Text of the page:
People with REM sleep behavior disorder, a condition caused by the brain's failure to immobilize a person's muscles while they're dreaming, have an estimated 52 percent risk of developing one of those neurological diseases within a dozen years, according to a study published in today's Neurology. Among people without REM sleep behavior disorder, that risk is about 5 percent, according to study author Ron Postuma, an associate researcher in neurology at the Sleep Disorders Center at Sacre-Coeur Hospital in Montreal.
Dec 23, 2008 | 3
Ah, sleep. You hardly need a doctor to tell you that getting too little of it can make you irritable and lethargic. Now it looks like how many zzz's you get may affect whether fatty plaque deposits build up in your arteries — a precursor to heart attacks and angina, or chest pain.
University of Chicago docs recorded how much sleep 495 middle-aged folks got over three nights using a monitor worn on their wrists, and examined their hearts for coronary artery calcification using computed tomography (CT) scans. Then the scientists checked back in with them five years later, conducting the same tests.
Dec 15, 2008 | 2
Sleep apnea, a disorder that can cause sufferers to temporarily stop breathing while snoozing, has long been associated with obesity. Paradoxical new findings suggest an ironic benefit: the worse the disease gets, the more calories patients burn.
"It's something of a silver lining," says Eric Kezirian, director of the division of sleep surgery at the University of California, San Francisco, whose research appears in today's Archives of Otolaryngology-Head & Neck Surgery. "It's not hurting in certain areas, but may be hurting in other areas."
Dec 2, 2008 | 8
Could more sleep be on the horizon for fatigued medical residents? If not, it should be, says the Institute of Medicine (IOM), which in a report released today recommends shorter shifts and scheduled time for snoozing.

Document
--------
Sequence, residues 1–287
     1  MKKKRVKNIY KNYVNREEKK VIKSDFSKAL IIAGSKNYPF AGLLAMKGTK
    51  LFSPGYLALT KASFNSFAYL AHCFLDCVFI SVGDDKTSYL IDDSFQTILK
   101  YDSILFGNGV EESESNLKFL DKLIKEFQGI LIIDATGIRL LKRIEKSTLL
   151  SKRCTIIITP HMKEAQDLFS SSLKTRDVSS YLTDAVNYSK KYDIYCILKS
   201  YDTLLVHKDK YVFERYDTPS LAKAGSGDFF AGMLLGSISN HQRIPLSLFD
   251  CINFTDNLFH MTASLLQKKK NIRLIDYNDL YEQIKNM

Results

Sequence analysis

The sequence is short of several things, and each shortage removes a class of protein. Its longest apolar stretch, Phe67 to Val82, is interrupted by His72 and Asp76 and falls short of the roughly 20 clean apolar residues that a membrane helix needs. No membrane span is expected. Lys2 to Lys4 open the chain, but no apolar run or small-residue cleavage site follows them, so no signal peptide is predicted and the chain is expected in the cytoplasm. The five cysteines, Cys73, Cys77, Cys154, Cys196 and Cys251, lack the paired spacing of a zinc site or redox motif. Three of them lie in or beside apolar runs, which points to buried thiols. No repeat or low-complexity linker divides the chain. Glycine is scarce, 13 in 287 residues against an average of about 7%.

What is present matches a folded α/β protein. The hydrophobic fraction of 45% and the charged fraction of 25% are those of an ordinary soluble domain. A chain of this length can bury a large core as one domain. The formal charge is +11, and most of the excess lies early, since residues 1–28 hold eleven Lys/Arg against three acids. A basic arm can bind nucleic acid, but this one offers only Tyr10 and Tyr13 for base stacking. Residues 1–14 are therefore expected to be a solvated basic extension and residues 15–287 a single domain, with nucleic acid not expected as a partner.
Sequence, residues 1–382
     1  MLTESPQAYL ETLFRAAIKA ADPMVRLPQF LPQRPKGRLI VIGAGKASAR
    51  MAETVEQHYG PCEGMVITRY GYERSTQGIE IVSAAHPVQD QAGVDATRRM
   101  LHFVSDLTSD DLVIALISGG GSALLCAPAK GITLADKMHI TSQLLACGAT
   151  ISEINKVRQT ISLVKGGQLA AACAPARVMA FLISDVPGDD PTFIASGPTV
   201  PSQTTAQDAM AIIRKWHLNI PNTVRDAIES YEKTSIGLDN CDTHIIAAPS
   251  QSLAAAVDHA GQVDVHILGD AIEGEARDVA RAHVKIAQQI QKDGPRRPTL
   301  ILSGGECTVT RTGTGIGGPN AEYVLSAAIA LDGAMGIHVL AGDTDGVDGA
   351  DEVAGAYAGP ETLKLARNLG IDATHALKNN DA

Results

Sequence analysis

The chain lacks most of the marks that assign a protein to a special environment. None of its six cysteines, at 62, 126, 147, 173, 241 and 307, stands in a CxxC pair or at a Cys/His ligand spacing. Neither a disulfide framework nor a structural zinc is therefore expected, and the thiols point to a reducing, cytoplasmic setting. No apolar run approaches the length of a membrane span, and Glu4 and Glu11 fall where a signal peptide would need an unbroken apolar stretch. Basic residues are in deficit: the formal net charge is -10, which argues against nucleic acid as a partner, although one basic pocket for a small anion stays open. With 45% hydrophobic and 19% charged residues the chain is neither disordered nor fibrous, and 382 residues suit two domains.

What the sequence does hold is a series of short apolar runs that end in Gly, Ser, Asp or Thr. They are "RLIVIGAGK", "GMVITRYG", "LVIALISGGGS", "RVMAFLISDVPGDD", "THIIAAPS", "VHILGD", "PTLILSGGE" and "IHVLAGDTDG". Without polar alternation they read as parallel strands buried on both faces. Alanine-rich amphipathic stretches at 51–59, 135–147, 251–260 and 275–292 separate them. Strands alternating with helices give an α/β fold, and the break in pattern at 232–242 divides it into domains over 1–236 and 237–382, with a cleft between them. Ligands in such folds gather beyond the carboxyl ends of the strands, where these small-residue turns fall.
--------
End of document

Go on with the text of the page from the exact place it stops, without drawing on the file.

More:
The IOM doesn’t suggest that the docs in training work less than the maximum 80-hour weeks set five years ago by the Accreditation Council for Graduate Medical Education (ACGME), which accredits residency programs. But it says residents shouldn’t be allowed to work for more than 16 hours straight without an uninterrupted sleeping break that's at least five hours long.
The ACGME rules allow residents to work as long as 30 hours without a break, but "adequate time for rest and personal activities must be provided" after that in the form of 10 free hours. Some 43 percent of residents surveyed, however, said they routinely worked longer than the maximum amount.
Nov 25, 2008
You might be wondering what science has to do with Thanksgiving. Its only complexity should involve family feuds and kitchen disasters, right? Have we got news for you: there are myths to be shattered about this most American of holidays, including the alleged soporific effects of turkey and the assumption that gratitude has nothing to do with good health.
Our in-depth report on the science of Thanksgiving tackles those and other questions you may be mulling as you prep Tom in your oven. Don’t you want to know what makes the meat on your plate white or dark? The reason is all in the family – the family of turkey genetics, that is. And can you eat turkey without becoming drowsy? We’ve got the answer.